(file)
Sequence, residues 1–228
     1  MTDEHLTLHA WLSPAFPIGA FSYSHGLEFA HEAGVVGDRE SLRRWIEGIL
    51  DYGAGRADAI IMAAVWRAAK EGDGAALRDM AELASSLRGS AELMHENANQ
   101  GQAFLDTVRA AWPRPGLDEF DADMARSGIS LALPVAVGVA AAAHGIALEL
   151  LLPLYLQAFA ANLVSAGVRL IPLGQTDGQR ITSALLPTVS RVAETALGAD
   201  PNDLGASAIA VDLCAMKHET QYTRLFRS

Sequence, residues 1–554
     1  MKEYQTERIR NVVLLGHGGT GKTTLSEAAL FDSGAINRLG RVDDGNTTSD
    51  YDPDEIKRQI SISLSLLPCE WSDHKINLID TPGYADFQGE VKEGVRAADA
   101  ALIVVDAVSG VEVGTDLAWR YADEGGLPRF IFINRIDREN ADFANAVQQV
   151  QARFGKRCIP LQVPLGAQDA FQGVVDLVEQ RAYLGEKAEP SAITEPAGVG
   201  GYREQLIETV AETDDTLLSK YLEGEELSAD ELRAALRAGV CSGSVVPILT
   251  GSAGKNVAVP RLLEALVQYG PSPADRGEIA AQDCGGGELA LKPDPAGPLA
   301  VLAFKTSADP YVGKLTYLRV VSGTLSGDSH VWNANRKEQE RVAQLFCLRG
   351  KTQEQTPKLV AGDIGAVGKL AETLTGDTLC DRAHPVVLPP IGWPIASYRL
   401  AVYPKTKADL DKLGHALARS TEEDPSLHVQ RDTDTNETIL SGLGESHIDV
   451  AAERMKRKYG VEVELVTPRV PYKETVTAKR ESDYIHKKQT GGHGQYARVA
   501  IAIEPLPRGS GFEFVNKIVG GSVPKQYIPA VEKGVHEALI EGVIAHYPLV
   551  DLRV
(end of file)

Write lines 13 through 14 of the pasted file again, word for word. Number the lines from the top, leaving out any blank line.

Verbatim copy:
   251  GSAGKNVAVP RLLEALVQYG PSPADRGEIA AQDCGGGELA LKPDPAGPLA
   301  VLAFKTSADP YVGKLTYLRV VSGTLSGDSH VWNANRKEQE RVAQLFCLRG